Tackling revisions can feel overwhelming, but if you head into your manuscript with a plan, you'll save yourself a lot of time. Everyone's revision process is going to look a little different, and that's okay. Some authors go through more drafts than others before they feel ready for querying. Some authors overwrite, and some underwrite. Find a process that works for your style, and you'll be happier when revising.
But even though authors' revision processes can look different on the outside, today's planning tip works for just about everyone.
Don't try to fix everything at once.
For one thing, you'll likely wind up in a never-ending loop of fixing one domino, only to realize you've knocked over a dozen other ones. And after you bury yourself in that mess of dominoes, finishing your revisions can seem impossible. So take a breath. Let some of the mistakes go. Give yourself permission to do multiple revision passes, and take as many drafts as you need.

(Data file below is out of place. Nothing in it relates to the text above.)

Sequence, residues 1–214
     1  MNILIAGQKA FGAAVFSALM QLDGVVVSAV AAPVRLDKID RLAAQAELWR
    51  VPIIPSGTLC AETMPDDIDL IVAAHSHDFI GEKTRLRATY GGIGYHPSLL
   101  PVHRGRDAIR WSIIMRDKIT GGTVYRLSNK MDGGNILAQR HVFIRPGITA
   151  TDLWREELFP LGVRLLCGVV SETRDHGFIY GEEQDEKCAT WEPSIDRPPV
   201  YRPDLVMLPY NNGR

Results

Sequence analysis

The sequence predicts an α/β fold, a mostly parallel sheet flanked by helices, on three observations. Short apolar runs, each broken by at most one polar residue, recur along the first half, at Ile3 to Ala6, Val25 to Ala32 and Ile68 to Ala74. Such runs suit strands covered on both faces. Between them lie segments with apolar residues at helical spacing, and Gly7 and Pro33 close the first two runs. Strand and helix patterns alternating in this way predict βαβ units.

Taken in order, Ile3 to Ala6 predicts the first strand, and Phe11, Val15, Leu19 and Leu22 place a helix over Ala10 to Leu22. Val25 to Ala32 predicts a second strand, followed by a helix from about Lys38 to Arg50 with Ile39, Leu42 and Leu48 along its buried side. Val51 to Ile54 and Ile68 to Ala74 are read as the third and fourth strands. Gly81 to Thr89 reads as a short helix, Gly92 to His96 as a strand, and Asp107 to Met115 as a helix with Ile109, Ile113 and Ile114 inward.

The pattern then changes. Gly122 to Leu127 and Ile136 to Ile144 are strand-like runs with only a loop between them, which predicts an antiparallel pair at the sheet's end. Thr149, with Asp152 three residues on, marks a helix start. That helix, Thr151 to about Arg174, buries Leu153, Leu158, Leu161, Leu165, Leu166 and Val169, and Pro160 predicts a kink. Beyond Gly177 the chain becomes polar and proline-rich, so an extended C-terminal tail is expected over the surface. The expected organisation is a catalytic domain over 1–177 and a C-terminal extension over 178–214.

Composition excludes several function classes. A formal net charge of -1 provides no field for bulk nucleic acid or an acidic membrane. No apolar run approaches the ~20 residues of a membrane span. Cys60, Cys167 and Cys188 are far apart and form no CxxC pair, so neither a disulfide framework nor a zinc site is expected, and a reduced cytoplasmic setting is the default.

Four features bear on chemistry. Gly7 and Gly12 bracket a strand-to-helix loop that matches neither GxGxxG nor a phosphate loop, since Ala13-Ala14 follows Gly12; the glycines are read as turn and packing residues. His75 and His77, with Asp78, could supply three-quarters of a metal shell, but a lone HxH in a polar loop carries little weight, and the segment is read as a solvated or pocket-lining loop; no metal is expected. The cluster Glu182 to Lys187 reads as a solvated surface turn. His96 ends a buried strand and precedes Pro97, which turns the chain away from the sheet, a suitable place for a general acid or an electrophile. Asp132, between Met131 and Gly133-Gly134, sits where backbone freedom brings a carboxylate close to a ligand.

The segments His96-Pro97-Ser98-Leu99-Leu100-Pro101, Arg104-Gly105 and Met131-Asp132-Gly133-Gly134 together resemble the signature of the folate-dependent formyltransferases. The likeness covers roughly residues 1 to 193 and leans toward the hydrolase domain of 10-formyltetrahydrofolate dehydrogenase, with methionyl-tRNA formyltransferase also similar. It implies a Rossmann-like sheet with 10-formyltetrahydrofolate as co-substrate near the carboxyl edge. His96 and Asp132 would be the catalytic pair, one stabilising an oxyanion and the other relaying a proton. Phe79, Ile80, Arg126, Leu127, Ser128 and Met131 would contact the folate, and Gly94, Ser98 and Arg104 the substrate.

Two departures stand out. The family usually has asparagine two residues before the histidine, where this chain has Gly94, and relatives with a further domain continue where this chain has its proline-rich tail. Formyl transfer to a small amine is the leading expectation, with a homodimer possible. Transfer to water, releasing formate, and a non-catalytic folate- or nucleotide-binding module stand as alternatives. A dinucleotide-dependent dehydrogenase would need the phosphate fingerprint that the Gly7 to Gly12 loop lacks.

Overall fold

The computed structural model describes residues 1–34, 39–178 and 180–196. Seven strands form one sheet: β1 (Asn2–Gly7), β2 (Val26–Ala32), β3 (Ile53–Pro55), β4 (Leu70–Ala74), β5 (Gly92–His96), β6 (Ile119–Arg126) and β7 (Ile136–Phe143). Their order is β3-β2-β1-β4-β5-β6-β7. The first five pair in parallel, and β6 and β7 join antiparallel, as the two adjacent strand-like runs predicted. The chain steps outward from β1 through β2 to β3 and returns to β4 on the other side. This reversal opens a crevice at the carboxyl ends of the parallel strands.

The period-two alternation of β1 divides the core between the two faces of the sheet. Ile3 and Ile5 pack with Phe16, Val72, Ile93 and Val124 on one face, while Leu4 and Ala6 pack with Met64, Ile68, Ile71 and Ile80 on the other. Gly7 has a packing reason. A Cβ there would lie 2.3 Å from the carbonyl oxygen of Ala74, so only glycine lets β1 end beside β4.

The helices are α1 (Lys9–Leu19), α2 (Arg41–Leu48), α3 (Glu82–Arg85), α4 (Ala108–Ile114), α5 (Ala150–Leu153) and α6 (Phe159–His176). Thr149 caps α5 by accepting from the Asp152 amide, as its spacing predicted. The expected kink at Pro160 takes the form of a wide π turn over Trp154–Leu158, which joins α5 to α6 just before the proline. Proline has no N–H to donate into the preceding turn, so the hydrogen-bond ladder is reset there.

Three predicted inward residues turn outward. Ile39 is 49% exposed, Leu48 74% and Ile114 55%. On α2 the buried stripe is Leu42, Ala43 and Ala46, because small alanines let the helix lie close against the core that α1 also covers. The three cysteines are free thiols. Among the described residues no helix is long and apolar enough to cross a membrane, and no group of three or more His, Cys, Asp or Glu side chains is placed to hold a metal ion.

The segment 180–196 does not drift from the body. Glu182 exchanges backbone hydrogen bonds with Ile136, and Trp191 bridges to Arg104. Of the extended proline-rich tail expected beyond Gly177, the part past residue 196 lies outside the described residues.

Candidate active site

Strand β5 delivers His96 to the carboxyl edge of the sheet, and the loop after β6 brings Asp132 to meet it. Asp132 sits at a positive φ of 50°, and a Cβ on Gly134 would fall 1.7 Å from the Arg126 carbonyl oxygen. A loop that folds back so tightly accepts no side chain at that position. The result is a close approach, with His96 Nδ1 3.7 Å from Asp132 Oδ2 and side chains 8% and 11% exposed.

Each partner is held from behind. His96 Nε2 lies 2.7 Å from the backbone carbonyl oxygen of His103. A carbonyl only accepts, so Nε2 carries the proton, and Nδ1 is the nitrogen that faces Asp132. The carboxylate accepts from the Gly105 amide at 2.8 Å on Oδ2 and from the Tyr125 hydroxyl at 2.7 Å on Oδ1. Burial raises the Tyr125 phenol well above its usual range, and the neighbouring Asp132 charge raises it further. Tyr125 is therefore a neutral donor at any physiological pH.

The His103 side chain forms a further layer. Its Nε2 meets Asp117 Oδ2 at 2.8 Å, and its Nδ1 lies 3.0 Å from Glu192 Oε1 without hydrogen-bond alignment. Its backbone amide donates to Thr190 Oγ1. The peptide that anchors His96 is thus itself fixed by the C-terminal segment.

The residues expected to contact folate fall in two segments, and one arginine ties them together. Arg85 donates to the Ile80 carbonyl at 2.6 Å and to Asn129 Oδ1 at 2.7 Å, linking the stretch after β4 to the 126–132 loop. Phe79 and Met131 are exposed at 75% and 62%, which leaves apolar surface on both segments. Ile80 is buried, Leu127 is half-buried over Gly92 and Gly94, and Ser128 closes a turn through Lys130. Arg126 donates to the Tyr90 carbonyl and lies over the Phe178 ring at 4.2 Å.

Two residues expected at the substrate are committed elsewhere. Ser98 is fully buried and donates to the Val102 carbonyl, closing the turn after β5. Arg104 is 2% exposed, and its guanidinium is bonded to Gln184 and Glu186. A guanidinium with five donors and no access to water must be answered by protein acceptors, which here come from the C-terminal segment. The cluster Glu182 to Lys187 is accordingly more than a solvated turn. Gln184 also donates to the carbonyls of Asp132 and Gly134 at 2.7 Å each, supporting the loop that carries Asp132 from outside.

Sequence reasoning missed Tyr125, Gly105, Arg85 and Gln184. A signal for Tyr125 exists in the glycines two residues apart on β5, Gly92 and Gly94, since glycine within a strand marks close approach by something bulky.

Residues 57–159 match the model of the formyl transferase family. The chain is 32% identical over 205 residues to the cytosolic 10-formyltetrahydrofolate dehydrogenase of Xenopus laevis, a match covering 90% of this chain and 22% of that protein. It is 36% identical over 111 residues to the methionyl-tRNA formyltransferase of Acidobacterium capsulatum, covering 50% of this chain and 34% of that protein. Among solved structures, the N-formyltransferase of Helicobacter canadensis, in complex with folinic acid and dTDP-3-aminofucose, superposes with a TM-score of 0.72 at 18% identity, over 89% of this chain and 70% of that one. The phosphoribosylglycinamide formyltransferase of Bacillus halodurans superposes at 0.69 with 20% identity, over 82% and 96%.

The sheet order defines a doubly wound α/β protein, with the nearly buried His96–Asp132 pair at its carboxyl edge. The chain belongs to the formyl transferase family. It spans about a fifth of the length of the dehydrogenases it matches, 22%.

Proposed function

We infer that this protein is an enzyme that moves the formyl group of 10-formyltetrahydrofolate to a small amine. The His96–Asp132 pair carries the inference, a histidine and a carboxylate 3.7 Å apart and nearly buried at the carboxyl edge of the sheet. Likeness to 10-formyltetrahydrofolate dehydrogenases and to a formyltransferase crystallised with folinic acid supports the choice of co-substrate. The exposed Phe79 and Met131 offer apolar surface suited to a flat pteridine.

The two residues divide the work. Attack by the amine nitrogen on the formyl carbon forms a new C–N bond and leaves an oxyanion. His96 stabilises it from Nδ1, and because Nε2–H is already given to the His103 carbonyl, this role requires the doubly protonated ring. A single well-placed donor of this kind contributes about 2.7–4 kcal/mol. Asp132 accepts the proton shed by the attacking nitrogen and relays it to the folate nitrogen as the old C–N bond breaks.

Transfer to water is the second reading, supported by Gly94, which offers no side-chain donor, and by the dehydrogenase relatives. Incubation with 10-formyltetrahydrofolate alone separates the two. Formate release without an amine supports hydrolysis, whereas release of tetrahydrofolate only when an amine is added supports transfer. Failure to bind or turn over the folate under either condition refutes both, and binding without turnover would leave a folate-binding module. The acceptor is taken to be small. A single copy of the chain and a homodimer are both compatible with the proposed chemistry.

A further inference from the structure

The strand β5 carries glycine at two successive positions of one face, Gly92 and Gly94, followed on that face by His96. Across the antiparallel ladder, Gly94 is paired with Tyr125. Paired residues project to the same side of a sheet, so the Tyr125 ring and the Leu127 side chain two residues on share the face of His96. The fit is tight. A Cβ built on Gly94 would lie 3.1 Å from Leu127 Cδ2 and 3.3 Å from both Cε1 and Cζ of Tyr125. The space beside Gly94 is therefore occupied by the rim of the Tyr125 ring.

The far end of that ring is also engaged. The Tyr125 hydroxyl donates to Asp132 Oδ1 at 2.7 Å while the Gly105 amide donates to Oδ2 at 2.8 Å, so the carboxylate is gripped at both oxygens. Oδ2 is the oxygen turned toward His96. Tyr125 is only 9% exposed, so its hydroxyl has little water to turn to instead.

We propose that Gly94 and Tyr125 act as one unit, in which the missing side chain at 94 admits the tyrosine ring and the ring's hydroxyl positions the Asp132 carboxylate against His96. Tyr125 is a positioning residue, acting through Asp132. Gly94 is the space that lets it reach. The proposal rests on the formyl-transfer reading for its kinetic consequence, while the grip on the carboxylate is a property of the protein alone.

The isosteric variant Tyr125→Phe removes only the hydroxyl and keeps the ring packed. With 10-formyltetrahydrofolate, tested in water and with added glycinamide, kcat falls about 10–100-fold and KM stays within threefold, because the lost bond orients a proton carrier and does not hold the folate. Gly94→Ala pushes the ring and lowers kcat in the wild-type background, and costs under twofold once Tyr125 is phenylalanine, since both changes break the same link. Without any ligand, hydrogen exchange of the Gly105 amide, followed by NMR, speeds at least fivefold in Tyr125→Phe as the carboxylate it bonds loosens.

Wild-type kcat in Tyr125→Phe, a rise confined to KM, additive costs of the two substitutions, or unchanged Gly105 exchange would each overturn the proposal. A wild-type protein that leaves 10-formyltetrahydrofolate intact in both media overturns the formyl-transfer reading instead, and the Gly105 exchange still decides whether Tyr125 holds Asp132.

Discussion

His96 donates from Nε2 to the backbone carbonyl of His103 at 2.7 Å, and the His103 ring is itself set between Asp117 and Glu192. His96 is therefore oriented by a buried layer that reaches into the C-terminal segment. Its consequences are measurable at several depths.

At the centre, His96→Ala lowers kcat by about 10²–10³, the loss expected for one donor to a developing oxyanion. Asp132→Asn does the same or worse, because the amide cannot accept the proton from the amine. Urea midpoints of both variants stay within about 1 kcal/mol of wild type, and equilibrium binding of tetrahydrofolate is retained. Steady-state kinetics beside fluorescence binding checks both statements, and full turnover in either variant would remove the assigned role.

Try focusing on one or two major things that need to be fixed per pass. Start with the deepest, most widespread problem first.
For example, if I'm revising a manuscript where I know I need to flesh out my main character more, I personally would tackle that before doing a dedicated pacing edit. If I want to add in more sensory details and visual scenery, that comes after dealing with bigger issues like making sure my character's voice is consistent. Because as I fix the characterization, many of the pacing problems get smoothed out as well. Nailing down the voice might deal with how the MC describes the world around her, and so I've already dealt with senses.
But if I tried to write those descriptive passages before I figure out her voice? Chances are I'm going to have to go back and revise those again, after doing the voice edit. If I alter the pacing before I figure out how my character responds to problems, I might have her reacting in ways that no longer make sense.
So before you start revising, figure out what your biggest problem is first.
Otherwise you might end up spending hours nudging random dominoes into place, only to realize that you've been building them into the wrong shape all along.
Every Wednesday we bring you an edit tip of the day and on Mondays throughout the summer a series of SHOW DON'T TELL workshops!